Natchez Today I explored Natchez, another old Mississippi River town. All Southern towns to some degree worship their history, particularly the time before the Civil War. Natchez in particular is consumed by it. Everything here seems to celebrate the antebellum era of the Old South, which in reality was enjoyed only by a tiny elite. In Natchez’s case, this nostalgia is a big part of its modern existence. Natchez was founded on a high bluff above the river. It’s the southernmost river town that was guaranteed to not flood, so it became a natural port. Men came here to set up cotton plantations or become dealers, and make their fortunes. A surprising number came from northern st... read more
Mississippi from Rosalie
Stanton Hall front
Stanton Hall from the side

North America » United States » Louisiana » Vacherie April 25th 2011

Today was another day spent in plantation country. I got to see both ends of plantation tours here, with historical accuracy in one and fantasy in the other, along with both Anglo and Creole cultures. Nottoway The first plantation was Nottoway. Remember that I stayed here last night. The stay came with a free ticket to the tour, so I decided to take it. The guides wear modern clothes, but otherwise the tour is definitely slated toward the tourist end of the spectrum. The house is heavily restored. Almost none of the furniture is original to the plantation; some of it is reproductions. Even most of the artwork came from somewhere else. Keeping that in mind, however, the place does do a good job of recreating the general antebellum era. The tours focus on the standa ... read more
Nottoway white ballroom
Nottoway music room
The modern Mississippi

North America » United States » Louisiana » Vacherie April 24th 2011

Easter Brunch Today is Easter Sunday. I should have realized that in heavily Catholic Louisiana Easter Sunday would be unlike the day in the rest of the country. There are plenty of bunnies and hidden treats for kids, but the religious side of the holiday is the main focus here. It’s treated the same way Christmas is, as a public holiday. The only thing open are bars and tourist traps. This is a bad thing for someone travelling through the region. The day started out very well. On the recommendation of my host, I reserved Easter Brunch at Cafe Atchafalaya. It’s one of New Orleans’ most innovative restaurants and bars. I should have realized something was up when I called and they had plenty of time open in the morning and nothing in the afternoon. The ... read more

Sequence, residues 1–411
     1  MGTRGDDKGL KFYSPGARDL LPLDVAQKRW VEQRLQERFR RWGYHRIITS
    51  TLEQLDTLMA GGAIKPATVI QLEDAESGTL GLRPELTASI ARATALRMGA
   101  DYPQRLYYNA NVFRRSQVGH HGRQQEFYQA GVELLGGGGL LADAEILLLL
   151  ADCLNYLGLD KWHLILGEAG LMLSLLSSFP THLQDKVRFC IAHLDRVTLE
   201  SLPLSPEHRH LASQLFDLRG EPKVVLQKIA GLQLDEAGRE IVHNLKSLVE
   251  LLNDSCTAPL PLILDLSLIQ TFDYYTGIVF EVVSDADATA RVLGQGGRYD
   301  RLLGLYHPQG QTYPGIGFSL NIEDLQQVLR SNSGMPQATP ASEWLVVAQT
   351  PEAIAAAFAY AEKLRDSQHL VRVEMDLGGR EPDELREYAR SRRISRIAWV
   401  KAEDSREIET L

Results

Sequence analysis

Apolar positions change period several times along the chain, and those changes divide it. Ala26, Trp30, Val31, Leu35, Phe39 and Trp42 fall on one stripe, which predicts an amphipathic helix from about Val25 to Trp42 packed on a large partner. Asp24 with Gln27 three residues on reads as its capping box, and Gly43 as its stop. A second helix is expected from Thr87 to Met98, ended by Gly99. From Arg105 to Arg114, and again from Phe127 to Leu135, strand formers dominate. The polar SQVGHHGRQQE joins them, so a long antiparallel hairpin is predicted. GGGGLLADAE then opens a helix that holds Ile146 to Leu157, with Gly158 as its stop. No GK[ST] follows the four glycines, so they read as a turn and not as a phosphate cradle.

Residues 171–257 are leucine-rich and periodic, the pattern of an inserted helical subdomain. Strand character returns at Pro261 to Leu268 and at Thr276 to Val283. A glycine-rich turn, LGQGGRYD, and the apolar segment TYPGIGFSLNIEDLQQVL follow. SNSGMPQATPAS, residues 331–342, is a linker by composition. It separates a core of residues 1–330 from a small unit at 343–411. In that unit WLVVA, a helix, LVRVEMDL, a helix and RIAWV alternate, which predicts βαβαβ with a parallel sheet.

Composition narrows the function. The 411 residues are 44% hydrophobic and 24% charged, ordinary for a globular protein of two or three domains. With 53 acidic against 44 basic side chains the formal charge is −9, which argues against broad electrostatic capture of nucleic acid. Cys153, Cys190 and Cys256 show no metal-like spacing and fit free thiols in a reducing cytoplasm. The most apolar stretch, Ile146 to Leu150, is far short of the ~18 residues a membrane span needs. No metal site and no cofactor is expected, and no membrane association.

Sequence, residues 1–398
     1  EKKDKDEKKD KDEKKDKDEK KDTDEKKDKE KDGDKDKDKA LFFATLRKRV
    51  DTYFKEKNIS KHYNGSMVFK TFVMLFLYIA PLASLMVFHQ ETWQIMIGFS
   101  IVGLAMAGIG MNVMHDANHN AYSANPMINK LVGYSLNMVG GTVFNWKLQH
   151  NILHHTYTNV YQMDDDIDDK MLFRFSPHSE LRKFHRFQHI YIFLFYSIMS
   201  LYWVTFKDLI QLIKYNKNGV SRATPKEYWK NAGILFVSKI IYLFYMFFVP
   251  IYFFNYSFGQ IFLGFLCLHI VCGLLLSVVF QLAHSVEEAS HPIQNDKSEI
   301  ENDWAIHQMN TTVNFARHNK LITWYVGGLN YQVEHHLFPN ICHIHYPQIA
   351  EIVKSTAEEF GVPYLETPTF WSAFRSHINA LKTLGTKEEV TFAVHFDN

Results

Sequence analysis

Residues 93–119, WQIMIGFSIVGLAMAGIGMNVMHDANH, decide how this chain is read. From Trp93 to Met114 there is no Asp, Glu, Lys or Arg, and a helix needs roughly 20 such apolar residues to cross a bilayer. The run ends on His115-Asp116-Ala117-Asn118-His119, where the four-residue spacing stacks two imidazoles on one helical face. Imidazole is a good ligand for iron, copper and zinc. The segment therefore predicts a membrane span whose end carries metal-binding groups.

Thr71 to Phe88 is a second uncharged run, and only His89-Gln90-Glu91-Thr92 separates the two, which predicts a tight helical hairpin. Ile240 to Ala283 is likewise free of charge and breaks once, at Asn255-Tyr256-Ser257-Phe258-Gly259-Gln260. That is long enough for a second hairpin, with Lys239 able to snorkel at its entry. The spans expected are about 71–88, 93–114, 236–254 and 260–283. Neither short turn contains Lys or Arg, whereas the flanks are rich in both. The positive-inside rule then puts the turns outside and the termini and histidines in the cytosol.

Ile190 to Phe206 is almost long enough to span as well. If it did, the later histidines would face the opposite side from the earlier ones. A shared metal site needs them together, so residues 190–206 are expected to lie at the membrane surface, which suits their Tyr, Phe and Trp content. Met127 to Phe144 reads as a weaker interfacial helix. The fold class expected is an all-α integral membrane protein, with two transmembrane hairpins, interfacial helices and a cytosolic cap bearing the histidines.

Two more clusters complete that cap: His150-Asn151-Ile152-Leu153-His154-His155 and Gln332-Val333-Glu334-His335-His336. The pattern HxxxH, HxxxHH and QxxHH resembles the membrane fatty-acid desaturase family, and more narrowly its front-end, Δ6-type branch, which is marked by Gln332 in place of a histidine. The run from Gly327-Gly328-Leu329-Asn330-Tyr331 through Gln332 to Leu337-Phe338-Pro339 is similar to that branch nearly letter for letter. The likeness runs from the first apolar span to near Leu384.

Oak Alley Plantation
Guides in hoopskirts
The most famous view in Louisiana

North America » United States » Louisiana » New Orleans April 23rd 2011

Today was the day to pay the price of my fun. I had carefully watched my alcohol consumption and drank lots of water, but I was still much worn down today. I slept a lot. I drank lots of water. Eventually I had to get up and do laundry. I did have one nice thing at the end of the night. As noted earlier, New Orleans has probably the best restaurant scene in the United States. Some like the Gumbo Shop stick to old standards. Others are known for their innovation. I went to one of the latter, Coquette. Like virtually all fine dining in New Orleans, the food was very good. The meat was so moist it melted as I ate it. The sides were spiced to perfection. The only bad part of this meal ... read more

North America » United States » Louisiana » New Orleans April 22nd 2011

Today is my first day in New Orleans. Until 2005, the city was probably best known as a party town, a place where people drank in the streets and anything went. After Katrina, the city was probably known mostly as a flood zone. The reality is now somewhere in between. The oldest neighborhoods, the ones that tourists mostly stick to, were above sea level and have mostly recovered. The newer, and poorer, neighborhoods were below sea level, and are still far from normal. New Orleans is a vital place, a mixture of French, Spanish, Caribbean, and Anglo cultures seen nowhere else on earth. I couldn’t do this trip and miss it. Thanks to other events on the schedule, I ended up having to see it as one concentrated blitz. I didn’t mind much, because I figured ... read more
Decaying tombs
Archie Manning's House
Cast Iron in the Garden District